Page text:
Serifs are referred to as such because of the small details that extend from the ending shapes of the characters; the origin of the word itself is obscure, various explanations have been given but none has been accepted as resolute.
Their origin can be traced back to the Latin alphabets of Roman times, probably because of the flares of the brush marks in corners, which were later chiseled in stone by the carvers.
They generally give better readability in print than on a screen, probably because of the better definition and evolution of the former in hundreds of years, while the latter technology is, on an evolutionary path, a newborn.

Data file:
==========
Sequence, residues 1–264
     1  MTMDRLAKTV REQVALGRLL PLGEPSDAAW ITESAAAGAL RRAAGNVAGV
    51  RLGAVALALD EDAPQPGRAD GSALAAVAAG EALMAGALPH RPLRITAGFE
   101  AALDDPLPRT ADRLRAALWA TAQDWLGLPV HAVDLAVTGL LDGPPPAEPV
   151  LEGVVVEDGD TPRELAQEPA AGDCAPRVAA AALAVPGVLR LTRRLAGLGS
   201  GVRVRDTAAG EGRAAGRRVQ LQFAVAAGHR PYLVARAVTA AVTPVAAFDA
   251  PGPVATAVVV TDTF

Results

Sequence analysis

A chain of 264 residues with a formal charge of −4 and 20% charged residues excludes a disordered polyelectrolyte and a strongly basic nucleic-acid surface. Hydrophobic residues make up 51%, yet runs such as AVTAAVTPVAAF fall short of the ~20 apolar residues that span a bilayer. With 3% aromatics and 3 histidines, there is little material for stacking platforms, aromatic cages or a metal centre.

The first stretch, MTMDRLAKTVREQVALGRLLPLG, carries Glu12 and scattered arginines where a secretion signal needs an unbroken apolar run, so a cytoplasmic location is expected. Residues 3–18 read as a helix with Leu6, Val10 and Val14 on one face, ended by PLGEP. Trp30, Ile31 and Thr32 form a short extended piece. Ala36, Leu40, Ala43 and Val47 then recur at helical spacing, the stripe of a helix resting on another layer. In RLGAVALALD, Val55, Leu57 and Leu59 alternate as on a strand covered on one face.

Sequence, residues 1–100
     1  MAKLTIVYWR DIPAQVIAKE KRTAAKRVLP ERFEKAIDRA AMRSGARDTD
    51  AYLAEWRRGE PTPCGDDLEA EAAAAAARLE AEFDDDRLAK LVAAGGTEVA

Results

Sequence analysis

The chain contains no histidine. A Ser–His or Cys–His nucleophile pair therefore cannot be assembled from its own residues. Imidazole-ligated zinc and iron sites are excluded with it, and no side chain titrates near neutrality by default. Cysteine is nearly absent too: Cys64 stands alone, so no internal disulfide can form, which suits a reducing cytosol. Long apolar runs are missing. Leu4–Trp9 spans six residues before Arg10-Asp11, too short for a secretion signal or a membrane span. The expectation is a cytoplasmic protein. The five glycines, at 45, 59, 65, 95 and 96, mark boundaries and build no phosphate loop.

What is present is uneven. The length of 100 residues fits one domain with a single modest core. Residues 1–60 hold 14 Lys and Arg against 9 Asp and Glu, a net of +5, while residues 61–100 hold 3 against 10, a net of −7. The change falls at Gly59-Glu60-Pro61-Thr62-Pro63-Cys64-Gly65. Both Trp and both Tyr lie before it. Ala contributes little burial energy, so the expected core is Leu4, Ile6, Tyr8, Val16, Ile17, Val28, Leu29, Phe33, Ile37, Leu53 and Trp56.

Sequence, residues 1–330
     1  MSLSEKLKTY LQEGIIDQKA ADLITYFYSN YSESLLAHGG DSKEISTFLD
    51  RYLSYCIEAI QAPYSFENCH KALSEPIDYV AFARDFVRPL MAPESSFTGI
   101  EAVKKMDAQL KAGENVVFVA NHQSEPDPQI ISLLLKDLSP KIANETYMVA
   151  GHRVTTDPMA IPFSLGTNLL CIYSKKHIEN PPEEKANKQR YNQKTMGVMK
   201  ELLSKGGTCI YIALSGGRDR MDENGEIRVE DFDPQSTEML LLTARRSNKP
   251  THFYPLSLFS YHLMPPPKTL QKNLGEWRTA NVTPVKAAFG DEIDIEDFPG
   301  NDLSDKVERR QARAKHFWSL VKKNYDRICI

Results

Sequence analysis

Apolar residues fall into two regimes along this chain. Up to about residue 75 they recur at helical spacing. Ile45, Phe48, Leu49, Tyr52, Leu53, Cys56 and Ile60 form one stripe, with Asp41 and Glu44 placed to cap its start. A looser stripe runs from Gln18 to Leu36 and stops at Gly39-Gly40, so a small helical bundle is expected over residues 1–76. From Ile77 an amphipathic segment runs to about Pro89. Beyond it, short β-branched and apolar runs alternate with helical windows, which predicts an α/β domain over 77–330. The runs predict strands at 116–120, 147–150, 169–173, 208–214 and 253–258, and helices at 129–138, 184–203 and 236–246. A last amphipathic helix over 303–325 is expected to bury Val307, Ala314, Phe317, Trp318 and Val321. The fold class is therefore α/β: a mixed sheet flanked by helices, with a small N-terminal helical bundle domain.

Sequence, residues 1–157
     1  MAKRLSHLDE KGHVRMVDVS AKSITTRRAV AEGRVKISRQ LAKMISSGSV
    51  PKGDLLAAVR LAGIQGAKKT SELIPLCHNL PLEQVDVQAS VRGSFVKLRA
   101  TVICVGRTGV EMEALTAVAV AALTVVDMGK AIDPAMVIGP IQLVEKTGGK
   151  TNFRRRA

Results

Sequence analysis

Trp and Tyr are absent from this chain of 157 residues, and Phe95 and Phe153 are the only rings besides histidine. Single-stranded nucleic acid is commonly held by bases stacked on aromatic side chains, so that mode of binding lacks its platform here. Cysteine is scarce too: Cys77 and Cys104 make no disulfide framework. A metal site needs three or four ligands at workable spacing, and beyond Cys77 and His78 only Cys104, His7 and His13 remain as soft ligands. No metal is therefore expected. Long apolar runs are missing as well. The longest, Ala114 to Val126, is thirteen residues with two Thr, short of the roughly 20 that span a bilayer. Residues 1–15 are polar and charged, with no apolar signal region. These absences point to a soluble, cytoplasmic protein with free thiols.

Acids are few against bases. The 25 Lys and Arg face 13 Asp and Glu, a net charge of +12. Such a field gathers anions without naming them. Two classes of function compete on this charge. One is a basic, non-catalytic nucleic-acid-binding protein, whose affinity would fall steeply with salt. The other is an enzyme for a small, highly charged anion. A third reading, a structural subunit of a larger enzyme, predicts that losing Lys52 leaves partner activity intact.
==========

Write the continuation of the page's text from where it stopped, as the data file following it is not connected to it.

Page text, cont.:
With the latest technologies and the high definition monitors that can rival the print definition, multiple scientific studies have been found inconclusive, showing that there is no discernible difference in readability between sans and serifs on the screen and as of today they are both used on the Web.
Within this general definition, there are multiples sub-families, as Old Style or Humanist.
Bodoni and Didot are certainly the most famous typefaces in this family.